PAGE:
Understanding Photo-physical Properties of Inorganic Pigments Using Pump-probe Microscopy

November 20, 2023
10:30 am to 11:30 am
FFSC 2119

Event sponsored by:



De La Cruz, Claudia


Ph.D. Defense- Zhou, Yue


Yue Zhou, Ph.D. Candidate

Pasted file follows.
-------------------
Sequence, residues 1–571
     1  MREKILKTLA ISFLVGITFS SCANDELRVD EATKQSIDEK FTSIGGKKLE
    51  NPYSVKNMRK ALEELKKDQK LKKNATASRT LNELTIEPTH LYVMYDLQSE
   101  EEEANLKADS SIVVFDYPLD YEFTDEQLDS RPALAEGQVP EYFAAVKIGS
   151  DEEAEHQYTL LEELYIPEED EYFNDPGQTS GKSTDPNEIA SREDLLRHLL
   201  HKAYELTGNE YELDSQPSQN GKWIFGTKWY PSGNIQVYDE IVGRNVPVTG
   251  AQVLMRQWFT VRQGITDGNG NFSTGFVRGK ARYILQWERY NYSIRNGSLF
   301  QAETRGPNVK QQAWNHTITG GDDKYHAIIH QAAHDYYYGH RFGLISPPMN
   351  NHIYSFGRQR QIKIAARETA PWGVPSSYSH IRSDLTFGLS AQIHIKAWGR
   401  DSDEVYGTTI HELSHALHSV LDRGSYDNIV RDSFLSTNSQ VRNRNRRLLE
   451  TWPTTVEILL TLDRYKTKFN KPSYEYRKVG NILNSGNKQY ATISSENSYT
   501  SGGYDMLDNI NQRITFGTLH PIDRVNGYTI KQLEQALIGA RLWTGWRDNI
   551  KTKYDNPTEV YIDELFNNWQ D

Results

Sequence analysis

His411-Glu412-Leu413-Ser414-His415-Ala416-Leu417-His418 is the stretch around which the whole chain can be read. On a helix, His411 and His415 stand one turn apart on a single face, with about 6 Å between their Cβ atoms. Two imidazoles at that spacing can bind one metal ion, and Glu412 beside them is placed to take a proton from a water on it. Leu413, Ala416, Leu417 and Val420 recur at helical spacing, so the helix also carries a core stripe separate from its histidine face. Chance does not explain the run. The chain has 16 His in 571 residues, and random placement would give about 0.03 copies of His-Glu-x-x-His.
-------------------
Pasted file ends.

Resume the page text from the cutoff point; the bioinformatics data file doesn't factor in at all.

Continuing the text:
Yue Zhou, Ph.D. Candidate Warren S. Warren Ph.D., Advisor Abstract: In cultural heritage science, art characterization and conservation encounter several complications. Artworks typically contain mixtures of multiple pigments along with impurities, additives, and binders, leading to many undesired alterations and causing difficulties in identifying individual pigments. Conventional analytical techniques typically suffer from the trade-off between chemical specificity, spatial resolution, and invasive sampling. This trade-off limits the current understanding of the characterization, identification, and degradation of historical pigments in works of art. To address these limitations, this dissertation introduces pump-probe microscopy as a noninvasive approach to image various historical pigments by accessing their intrinsic photophysical dynamics with high chemical specificity and spatial resolution. In this dissertation, I demonstrate the application of pump-probe microscopy in creating three-dimensional virtual cross-sections to visualize the artificial degradation of CdS oil paints. Pump-probe microscopy can nondestructively detect the onset of early-stage CdS degradation of small particles and on the surface of large particles. This artificial degradation only occurs on reproduced CdS following historical recipes instead of commercial CdS. These findings suggest the particle dimension and pigment quality can affect the CdS degradation. Furthermore, the pump-probe technique can also provide stoichiometry information on cadmium red (cadmium sulfoselenide) pigments by the mathematical fitting of a series of pump-probe dynamics at multiple wavelength combinations. This allows us to correlate the dynamic lifetimes with the chemical compositions of the corresponding pigments, opening the possibility to reveal the stoichiometry of unknown cadmium pigments. In addition, I extend the application of pump-probe analysis to nondestructively identify copper-based green pigments. Moreover, this technique has proven helpful for tracking the degradation of ultramarine blue.